ess than two weeks after the second anniversary of the murder of Jamal Khashoggi, Saudi Arabia’s foreign minister, Prince Faisal bin Farhan, is visiting Washington for a “strategic dialogue” with the US administration.
On Thursday, Prince Faisal spoke to the Washington Institute on Near East Policy on range of topics in which he defended the kingdom’s human rights record and its relationship with the US.
The foreign minister said Riyadh is ensuring accountability for the murder of Khashoggi, constantly working to minimise civilian casualties in Yemen and detaining women’s rights defenders, including Loujain al-Hathloul, over “serious crimes” that are judicial matters.
To assess his defence of Saudi Arabia’s human rights record, Middle East Eye spoke with Sarah Leah Whitson, the executive director of Democracy for the Arab World Now (DAWN).
Envisioned by Khashoggi, DAWN was relaunched late last month to document human rights abuses and advance democracy in the Middle East.
“The killing of Jamal Khashoggi was an abhorrent act, a terrible act, a terrible crime, and we have stated that quite strongly. We have taken very active measures to hold those responsible accountable,” Prince Faisal said on Thursday.
Khashoggi was murdered and dismembered by Saudi government agents at the kingdom’s consulate in Istanbul in October 2018. The Saudi government initially insisted that he had left the building alive, before acknowledging that he had been murdered.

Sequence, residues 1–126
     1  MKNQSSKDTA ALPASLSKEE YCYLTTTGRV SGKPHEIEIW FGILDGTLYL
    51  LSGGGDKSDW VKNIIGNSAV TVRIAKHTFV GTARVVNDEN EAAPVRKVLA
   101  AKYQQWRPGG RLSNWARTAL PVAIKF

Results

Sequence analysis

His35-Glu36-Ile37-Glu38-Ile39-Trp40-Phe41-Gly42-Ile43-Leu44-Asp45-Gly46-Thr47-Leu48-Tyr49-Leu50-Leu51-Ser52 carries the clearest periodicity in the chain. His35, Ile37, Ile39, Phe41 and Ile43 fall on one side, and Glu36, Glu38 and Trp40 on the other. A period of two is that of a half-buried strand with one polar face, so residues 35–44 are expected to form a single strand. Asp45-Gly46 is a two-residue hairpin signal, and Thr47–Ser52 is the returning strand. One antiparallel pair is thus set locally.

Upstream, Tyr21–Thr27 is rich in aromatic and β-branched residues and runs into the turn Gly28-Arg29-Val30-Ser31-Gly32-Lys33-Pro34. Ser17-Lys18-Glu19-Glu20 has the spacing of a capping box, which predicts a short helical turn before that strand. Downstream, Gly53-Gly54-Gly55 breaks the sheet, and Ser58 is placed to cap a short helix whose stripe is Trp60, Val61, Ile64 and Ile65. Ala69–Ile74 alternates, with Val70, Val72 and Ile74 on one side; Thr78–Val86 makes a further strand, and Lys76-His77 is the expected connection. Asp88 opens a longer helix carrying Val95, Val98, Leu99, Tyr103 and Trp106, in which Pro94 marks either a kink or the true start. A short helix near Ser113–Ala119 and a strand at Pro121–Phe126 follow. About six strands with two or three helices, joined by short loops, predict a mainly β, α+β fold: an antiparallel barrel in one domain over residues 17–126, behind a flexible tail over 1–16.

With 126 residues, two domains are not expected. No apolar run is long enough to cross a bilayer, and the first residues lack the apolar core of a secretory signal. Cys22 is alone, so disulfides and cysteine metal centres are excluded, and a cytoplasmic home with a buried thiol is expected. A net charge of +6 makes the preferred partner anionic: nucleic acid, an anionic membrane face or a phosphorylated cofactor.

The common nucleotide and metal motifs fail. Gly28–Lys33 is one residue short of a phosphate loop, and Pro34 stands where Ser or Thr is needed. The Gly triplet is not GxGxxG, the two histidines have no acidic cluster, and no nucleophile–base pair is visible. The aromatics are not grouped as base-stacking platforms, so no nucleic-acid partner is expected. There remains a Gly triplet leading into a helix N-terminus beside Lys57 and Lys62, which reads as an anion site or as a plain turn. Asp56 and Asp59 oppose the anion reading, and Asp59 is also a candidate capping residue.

Still, Riyadh insists that the assassination was a rogue operation that happened without the involvement of top officials.
Last month, a Saudi court delivered what it called the “final” ruling in the killing, sentencing eight people to as many as 20 years in jail.
The foreign minister said the main responsibility of the state in terms of accountability was preventing similar crimes in the future.
“We’re committed to building in the safeguards and processes in our security services to ensure that something like this cannot happen again, that there is the necessary oversight, the necessary controls in place,” he said.
“In terms of ensuring that this doesn’t happen again, the first and foremost requirement would be to ensure that the actual perpetrators are held accountable for their crimes,” Whitson told MEE.
The human rights advocate noted that even even the “sham” trial avoided indicting top officials alleged to be involved in the assassination, including Saud al-Qahtani, a top adviser to Crown Prince Mohammed bin Salman, who has been the target of US sanctions for his role in the killing.
Whitson said Prince Faisal’s claims merit a “failing grade”.
“On the most basic level, if the Saudi government is not willing to tell us where they hid Jamal’s body, nothing they can say about transparency and accountability has any credibility,” she said.
On Loujain al-Hathloul and political detainees
“They are not detained because of any human rights activity or activities related to women’s emancipation. They are charged with serious crimes under our laws and everyone is equal under the law in the Kingdom of Saudi Arabia,” the foreign minister said of the detainees.